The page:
If you’re a business HND student or grad, you will have almost certainly heard of the General Data Protection Regulation (GDPR) by now. While some companies are fully prepared, others might be feeling the heat; the GDPR comes into effect on Friday, 25th May 2018, and it could result in some big changes for marketing departments.
At A Glance: The GDPR
From the 25th May 2018, companies are legally required to integrate and turn on privacy settings by default on their digital platforms.
Companies are required to obtain express consent to be contacted for marketing communications. Opting-in needs to be an affirmative choice.
Users must be able to access the data companies store and remove consent for its use. Allowing users to manage their contact preferences and adding an unsubscribe button in email campaigns should cover any rules regarding GDPR data access.
Companies must justify that the data they process, collect and store is necessary for marketing their product or service. Asking for, processing, collecting and storing details that do not connect with a company’s product or service will become illegal under the GDPR. If you don’t need the information, don’t ask for it.
So What Exactly Is the GDPR?
The aim of the GDPR is, at its core, rather simple: put people back in control of their data. The wild west days of obtaining personal data through some less than savoury channels for the purpose of marketing appears to be well and truly over; instead, the GDPR will oblige companies that use data on European citizens to comply with stricter regulations regarding collecting, processing, and storage of personal data. Likewise, contacting individuals for marketing can no longer be done without explicit consent.
For marketers, this has resulted in something of a panic. Their precious customer contact lists look set to be all but wiped out due to the rules, and obtaining new details in the future will be far more difficult. While this may be true, there are some positive aspects of the GDPR. After Friday, 25th May 2018, marketers will have smaller lists of more engaged contacts. If you signed up for an email campaign from the Insane Clown Posse fan club when you were 11 and you’re still interested, the chances are that you’ll agree to consent to contact.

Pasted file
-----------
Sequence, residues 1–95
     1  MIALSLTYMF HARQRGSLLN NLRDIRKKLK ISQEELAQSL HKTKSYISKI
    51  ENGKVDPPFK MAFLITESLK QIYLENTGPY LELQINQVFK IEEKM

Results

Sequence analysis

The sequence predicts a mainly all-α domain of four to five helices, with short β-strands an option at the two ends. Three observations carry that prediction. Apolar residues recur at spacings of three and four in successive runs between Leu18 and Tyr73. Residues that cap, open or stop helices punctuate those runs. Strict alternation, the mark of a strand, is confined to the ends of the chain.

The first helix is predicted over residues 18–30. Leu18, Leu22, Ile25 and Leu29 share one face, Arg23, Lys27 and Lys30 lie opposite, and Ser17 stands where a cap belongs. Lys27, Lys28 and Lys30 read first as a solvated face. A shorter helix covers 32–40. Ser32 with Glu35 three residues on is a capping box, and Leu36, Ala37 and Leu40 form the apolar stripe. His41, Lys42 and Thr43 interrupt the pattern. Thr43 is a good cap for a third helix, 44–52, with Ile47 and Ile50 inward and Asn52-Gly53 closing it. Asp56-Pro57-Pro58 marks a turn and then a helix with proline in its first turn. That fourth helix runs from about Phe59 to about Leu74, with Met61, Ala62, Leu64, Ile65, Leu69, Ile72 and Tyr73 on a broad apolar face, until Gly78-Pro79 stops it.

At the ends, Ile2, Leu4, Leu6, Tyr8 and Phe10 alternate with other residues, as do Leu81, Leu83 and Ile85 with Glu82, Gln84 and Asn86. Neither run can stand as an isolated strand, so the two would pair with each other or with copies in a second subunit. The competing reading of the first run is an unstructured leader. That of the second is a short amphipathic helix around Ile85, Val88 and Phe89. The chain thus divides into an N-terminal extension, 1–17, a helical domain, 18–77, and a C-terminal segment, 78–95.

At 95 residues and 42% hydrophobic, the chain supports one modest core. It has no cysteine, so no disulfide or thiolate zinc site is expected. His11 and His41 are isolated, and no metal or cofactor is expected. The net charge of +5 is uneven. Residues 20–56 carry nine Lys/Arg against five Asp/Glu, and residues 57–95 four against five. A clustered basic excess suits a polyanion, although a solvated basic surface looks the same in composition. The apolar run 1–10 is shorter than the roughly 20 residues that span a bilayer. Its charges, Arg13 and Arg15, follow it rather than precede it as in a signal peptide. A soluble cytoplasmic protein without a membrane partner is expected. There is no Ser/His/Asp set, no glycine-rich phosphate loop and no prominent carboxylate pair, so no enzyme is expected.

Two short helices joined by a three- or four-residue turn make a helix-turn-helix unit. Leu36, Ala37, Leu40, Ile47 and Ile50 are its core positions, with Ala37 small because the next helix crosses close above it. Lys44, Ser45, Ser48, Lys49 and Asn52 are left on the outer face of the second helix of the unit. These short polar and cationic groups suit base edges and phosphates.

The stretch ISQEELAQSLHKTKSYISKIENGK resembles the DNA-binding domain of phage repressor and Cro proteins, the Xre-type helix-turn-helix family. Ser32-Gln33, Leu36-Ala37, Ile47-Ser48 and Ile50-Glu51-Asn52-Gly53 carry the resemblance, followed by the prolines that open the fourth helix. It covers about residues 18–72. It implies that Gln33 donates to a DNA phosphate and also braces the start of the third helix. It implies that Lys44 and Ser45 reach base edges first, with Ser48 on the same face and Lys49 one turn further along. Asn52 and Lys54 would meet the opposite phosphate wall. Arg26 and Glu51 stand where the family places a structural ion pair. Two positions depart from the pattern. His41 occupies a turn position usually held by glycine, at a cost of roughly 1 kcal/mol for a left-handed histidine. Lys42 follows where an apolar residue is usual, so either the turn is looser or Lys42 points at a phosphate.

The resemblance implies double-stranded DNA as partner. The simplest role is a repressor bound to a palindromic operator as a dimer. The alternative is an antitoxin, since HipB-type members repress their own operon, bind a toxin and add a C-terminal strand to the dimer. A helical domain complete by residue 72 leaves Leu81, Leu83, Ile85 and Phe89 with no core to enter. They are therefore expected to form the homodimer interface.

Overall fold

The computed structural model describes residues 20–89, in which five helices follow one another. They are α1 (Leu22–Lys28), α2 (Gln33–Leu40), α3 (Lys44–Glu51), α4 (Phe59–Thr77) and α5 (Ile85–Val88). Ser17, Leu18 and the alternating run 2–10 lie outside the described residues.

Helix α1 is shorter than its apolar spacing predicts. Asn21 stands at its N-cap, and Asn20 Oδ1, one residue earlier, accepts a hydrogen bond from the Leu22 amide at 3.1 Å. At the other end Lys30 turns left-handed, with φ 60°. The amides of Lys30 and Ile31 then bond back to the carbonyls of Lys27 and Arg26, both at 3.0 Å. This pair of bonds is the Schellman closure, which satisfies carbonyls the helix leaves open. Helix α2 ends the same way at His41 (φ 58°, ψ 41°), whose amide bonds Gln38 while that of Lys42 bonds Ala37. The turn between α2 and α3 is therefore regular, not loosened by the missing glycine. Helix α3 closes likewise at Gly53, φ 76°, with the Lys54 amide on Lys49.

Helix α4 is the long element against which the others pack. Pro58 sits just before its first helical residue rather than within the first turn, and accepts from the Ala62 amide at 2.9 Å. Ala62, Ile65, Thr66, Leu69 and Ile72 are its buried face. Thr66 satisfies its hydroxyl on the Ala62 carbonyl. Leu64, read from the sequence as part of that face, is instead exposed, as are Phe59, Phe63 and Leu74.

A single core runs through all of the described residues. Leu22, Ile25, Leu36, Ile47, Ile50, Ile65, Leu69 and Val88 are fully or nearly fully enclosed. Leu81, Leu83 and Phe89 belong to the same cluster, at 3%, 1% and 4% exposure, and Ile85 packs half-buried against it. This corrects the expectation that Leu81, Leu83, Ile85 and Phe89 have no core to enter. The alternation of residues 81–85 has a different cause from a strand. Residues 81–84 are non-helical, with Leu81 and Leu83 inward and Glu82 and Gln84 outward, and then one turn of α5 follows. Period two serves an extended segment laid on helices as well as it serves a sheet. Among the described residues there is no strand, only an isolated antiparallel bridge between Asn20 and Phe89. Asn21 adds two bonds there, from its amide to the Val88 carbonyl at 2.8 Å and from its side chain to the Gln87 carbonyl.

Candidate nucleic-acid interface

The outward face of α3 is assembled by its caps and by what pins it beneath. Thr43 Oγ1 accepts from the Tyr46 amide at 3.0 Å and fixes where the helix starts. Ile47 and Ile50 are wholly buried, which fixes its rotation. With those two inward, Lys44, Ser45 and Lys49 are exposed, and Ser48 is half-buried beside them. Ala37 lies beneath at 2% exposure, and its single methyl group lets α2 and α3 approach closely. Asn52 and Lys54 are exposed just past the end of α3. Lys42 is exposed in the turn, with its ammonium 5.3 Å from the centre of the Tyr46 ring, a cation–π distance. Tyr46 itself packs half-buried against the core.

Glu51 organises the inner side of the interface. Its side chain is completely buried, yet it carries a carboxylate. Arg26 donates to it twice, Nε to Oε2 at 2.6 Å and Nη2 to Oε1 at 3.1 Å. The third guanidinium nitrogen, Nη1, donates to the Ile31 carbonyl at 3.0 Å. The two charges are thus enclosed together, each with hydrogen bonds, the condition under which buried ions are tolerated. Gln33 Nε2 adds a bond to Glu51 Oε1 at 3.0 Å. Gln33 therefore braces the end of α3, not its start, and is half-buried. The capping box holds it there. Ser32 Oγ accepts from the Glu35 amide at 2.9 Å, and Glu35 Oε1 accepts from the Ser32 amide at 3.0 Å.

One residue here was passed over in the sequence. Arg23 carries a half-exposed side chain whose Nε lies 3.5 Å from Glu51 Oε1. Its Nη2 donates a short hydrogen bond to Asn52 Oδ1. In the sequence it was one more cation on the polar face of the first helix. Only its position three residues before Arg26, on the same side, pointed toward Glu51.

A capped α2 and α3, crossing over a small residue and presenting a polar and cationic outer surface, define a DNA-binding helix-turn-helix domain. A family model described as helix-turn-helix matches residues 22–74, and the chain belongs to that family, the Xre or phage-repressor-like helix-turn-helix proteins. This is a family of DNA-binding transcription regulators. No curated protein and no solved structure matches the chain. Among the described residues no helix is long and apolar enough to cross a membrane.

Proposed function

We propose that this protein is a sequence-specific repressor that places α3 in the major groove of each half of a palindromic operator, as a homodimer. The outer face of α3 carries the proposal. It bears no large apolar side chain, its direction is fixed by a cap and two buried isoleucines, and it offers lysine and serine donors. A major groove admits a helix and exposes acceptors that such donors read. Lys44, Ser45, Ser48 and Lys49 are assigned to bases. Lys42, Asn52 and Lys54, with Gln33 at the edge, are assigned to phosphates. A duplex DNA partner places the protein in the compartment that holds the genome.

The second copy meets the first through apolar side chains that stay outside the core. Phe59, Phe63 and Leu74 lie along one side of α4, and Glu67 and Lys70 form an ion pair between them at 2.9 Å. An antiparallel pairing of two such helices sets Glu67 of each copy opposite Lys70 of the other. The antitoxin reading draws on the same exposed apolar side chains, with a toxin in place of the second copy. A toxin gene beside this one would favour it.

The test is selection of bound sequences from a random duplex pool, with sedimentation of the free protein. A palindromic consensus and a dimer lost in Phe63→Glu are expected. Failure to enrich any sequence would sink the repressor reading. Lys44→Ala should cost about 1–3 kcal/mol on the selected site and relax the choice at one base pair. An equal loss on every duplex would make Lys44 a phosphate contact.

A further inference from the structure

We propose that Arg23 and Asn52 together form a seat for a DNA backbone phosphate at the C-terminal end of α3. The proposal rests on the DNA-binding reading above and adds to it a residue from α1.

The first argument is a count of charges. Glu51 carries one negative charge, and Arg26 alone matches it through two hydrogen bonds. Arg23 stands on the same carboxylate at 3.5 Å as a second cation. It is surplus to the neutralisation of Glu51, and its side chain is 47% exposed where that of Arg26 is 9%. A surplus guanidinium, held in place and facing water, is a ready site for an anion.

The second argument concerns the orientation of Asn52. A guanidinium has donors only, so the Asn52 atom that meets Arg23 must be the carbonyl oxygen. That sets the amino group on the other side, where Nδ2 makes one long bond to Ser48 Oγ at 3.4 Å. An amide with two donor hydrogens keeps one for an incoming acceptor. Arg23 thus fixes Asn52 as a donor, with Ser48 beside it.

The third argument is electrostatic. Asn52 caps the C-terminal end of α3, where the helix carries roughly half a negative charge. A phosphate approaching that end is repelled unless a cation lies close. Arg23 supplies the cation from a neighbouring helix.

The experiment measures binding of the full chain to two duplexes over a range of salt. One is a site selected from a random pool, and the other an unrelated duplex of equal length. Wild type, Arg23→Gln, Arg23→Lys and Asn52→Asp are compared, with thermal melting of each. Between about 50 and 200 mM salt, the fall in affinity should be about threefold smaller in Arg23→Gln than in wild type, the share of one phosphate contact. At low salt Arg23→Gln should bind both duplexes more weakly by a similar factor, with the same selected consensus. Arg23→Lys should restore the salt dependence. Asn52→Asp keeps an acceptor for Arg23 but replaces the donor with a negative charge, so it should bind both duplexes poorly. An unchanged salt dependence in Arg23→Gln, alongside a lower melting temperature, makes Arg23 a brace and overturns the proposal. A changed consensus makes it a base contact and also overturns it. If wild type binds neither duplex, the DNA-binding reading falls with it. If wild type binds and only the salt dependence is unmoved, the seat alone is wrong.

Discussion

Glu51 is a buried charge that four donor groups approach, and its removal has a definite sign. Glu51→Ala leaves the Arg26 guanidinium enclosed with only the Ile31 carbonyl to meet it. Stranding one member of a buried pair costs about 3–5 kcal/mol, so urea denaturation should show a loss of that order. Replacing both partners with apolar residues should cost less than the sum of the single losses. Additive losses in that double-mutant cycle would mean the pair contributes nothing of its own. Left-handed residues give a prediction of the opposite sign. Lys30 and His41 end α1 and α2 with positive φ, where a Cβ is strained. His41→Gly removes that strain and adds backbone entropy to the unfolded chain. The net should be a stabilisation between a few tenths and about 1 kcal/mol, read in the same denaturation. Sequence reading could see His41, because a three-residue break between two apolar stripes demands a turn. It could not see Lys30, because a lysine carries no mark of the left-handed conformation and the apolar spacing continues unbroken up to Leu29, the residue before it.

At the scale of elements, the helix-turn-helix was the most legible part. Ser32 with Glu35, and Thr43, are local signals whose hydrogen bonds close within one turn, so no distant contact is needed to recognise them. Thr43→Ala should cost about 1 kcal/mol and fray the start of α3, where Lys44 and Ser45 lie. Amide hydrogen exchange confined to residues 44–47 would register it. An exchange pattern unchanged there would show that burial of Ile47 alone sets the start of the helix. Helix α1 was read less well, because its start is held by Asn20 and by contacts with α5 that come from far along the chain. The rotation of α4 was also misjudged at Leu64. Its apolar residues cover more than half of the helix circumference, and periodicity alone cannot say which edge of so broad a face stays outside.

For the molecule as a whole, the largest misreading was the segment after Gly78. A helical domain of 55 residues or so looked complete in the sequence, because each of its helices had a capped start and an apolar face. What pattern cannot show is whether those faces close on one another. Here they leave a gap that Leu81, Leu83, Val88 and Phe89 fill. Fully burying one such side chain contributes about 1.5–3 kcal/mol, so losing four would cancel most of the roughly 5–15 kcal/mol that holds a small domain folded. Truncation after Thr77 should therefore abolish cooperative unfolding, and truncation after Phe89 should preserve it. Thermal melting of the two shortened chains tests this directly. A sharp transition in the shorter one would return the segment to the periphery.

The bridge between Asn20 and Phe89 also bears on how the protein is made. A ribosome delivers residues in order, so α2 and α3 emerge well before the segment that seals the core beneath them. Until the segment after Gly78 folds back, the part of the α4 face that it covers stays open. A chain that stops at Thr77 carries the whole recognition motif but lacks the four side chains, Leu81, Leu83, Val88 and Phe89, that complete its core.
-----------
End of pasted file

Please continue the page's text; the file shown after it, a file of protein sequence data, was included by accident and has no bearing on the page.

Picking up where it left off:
Another potential upside to losing contacts is the reduced cost of communication. Larger email lists, for example, usually require more expensive subscriptions. If 80% of subscribers don’t open the email, the money it takes to keep their data and send them emails could be invested elsewhere in the business.
Steps for Marketers
Marketers are flexible, adaptable folk. As such, many will have already considered how they can prosper in this new era of regulation. If you’re not quite there yet, consider our tips for getting ready for GDPR:
Email marketers rely on their lists for conversions. The prospect of having to delete a sizeable proportion of your email database could keep you up at night. The reality is, there’s still time to gain consent. Law firm Taylor Wessing gives a very succinct outline of what needs to be obtained. In short, you need to provide your contacts with a way to freely give their consent (no manipulation), without ambiguity. Importantly, the individual must actively do something to show consent; just opening an email is not enough. A checkbox on a contact form will do the trick.
An email campaign seems like the obvious option here. And an open, honest approach will go a long way to earning the trust of your contacts; those who do sign back up are likely to be genuinely interested in your product or service, which will be great for you conversions stats.
Consolidate Your Data
Having customer data stored in several locations may be helpful for taking advantage of different platforms’ functionalities, but for GDPR it could become an expensive headache. If a subscriber has opted-out of receiving marketing communications in one platform, their preferences should be updated across each. If not, you run the risk that they might be contacted again in the future via another platform. Our advice? Either pay for integration between your systems or use one CRM platform as your central hub and use the others only for actioning tasks. One main CRM (or an integration) also has the benefit of making the ‘right to be forgotten’ principle of GDPR much easier than routing through various databases looking for one particular contact.
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